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Ampersand Gessobord Review - Sophie Ploeg

Ampersand Gessobord Review

Sophie Ploeg Amersand Gessobord

Ampersand Gessobord is a premium rigid oil painting support. It is a wonderful support that I regularly use. In this article I'd like to describe its qualities and explore its uses.

Gessoboard comes in a cradled and uncradled version. The cradled version has some wooden strips at the back, turning the panel into a much thicker panel. The cradling will help avoid any warping (especially in large pieces) and make the piece suitable for hanging without a frame. You paint the sides if you like. The cradles come in varying widths; 22mm and 38mm.

As I like to frame my paintings, I have only ever used the uncradled panels. And I really like them. The un-cradled panels are 3mm thick.

Ampersand Gessobords are made of high density aspen hardwood. They have a layer of Ampersand special acrylic coating on top. It has a very slight texture to it, but overall the boards should be considered very smooth.

Ampersand claims the boards are durable and and made from renewable wood. It is acid-free and non-yellowing. The wood panels are protected with a seal. You can read more about this on their website.

So if we don't have to worry about durability, then for me, they are a credible option for painting on.

In my own experience the panels are wonderful.

The Good Bits

  • They are lightweight so very suitable for plein-air work, painting classes, or work on location such as portrait sessions.
  • They have a very smooth surface but it is not totally flat and smooth. The very slight texture provides a little bit of liveliness to your painting, but it is plenty smooth enough for the tiniest of detail.
  • A rigid surface provides the best protection for your paint layer to last.
  • They are easy to frame as the panels are thin and sturdy. The cradled panels can easily be hung without a frame.
  • The gesso coating is not very absorbent. A lot of ready-made canvas with acrylic universal primers are very absorbent of oil paint. On those supports you can easily stain the canvas with your paint. The paint will not move around a lot, as the oil is absorbed into the primer quickly. Oil primed canvas is the opposite of this: there is almost no absorbency and your paint will slide around on the surface of the canvas. This will give you richer colours and more time to move your paint around. Ampersand gessoboards are somewhere in between. They are a little absorbent but not very much. As I like oil-primed canvas, I prefer slightly less absorbency in my supports, but compared to most universally primed canvas I like Gessobord a lot.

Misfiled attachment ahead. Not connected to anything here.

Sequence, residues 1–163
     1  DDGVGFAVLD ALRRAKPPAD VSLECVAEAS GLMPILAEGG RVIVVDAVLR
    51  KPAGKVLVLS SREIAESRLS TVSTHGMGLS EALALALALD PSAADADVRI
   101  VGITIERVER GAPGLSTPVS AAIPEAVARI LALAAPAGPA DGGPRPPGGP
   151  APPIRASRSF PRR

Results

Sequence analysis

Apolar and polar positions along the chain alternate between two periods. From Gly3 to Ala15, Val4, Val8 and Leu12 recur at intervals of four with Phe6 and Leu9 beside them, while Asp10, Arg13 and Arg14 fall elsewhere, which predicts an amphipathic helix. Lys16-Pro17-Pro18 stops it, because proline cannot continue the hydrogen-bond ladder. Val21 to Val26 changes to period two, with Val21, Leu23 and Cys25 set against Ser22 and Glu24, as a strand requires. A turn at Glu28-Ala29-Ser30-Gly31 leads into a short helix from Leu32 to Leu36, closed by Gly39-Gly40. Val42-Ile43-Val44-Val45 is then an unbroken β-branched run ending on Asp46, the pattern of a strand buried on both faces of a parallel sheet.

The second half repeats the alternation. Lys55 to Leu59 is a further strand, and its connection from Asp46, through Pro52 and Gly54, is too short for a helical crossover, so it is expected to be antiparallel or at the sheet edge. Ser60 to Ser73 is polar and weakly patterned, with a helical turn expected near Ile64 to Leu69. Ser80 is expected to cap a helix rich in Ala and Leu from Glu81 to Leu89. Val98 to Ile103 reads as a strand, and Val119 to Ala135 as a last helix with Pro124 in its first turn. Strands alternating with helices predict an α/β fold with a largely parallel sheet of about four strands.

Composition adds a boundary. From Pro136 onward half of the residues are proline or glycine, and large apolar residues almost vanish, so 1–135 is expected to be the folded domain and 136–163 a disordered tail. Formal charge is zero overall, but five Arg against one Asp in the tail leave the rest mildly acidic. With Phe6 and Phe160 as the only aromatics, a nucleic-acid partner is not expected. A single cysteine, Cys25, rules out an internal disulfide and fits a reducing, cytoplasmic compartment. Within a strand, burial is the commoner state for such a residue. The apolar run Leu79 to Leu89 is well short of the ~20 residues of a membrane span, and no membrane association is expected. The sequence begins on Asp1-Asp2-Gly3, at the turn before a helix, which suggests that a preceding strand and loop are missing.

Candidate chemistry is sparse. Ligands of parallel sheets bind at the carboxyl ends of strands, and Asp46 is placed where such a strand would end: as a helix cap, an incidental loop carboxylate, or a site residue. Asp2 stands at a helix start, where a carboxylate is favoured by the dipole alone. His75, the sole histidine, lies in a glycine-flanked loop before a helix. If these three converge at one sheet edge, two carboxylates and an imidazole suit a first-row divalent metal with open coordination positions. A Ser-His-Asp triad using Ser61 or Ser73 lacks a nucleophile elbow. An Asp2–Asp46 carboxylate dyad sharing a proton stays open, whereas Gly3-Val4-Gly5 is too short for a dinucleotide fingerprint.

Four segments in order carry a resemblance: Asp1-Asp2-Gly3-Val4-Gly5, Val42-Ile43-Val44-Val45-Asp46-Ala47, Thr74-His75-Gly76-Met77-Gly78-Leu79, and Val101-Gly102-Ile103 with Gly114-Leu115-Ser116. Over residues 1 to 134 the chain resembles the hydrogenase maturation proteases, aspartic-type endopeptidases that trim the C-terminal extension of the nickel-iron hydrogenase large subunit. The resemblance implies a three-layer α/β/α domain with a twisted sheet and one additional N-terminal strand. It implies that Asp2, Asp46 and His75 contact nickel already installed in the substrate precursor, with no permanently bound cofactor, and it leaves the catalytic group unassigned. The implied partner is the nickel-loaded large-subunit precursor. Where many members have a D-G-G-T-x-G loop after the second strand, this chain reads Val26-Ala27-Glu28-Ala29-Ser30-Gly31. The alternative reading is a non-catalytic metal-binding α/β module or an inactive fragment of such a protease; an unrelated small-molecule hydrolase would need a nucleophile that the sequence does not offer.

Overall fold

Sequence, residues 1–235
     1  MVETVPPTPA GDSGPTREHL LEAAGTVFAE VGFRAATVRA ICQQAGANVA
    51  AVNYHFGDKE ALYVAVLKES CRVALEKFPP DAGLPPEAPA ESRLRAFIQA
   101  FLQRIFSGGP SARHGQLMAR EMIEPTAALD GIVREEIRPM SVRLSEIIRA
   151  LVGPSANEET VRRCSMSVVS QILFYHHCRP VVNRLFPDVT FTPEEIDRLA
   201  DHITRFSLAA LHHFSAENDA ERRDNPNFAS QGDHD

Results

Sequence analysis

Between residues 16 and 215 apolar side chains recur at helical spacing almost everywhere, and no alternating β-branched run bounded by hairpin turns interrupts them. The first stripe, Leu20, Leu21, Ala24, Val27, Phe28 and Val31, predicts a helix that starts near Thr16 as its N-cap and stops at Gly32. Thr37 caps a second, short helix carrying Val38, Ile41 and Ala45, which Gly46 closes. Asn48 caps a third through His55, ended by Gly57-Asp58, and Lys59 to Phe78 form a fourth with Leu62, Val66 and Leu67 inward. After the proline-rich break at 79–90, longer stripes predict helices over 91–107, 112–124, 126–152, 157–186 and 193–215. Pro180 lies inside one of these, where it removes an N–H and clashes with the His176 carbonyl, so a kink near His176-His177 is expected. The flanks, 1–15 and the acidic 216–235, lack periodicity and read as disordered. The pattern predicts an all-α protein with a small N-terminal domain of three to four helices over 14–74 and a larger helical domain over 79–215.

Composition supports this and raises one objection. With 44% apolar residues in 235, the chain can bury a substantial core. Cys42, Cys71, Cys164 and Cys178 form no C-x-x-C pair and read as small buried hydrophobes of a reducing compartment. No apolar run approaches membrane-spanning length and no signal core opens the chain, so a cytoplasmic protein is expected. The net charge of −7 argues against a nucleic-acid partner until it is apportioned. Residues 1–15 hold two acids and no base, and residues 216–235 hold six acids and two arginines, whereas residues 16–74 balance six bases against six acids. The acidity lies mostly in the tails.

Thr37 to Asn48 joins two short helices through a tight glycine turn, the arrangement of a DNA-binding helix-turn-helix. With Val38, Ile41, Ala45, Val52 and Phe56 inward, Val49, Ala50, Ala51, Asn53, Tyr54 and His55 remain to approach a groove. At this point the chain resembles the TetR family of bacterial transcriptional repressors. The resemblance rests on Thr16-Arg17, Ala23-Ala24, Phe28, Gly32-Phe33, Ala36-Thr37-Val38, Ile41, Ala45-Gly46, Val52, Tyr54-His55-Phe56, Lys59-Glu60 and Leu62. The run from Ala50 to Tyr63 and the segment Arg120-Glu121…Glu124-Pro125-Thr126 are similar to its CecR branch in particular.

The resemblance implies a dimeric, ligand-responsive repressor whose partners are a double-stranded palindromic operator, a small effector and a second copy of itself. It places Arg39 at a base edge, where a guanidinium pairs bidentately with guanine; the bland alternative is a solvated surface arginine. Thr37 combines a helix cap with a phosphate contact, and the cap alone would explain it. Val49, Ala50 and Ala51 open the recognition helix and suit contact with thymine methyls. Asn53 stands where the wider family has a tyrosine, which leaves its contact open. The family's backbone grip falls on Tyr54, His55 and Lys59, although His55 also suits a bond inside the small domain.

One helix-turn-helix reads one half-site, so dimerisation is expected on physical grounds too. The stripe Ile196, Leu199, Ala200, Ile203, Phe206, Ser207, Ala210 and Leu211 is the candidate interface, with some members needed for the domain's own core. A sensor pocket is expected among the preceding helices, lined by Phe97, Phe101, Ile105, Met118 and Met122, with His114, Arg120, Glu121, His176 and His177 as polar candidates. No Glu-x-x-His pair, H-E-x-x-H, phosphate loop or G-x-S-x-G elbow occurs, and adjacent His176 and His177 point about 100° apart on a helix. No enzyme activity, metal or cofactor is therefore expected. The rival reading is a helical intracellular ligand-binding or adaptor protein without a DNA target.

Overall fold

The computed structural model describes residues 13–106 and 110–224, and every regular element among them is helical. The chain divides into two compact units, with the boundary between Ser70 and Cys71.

• The gessoboard is a warm off-white.
  • It can be cut to size with a fine saw.
  • Comes in lots of sizes although not all stores stock all sizes.

The Bad Bit

  • It is expensive.

Recommended!

I would recommend using Ampersand Gessobord if you can afford it. I use it for commissions and 'serious' paintings, but often prefer cheaper alternatives as well. For me they are too expensive to use for all my work, but that is of course a very personal choice.

All in all it is a beautiful, archival, professional and easy to use paint surface for anyone who likes a rigid and smooth support.

Sophie Ploeg Ampersand Gessobord

Click to enlarge

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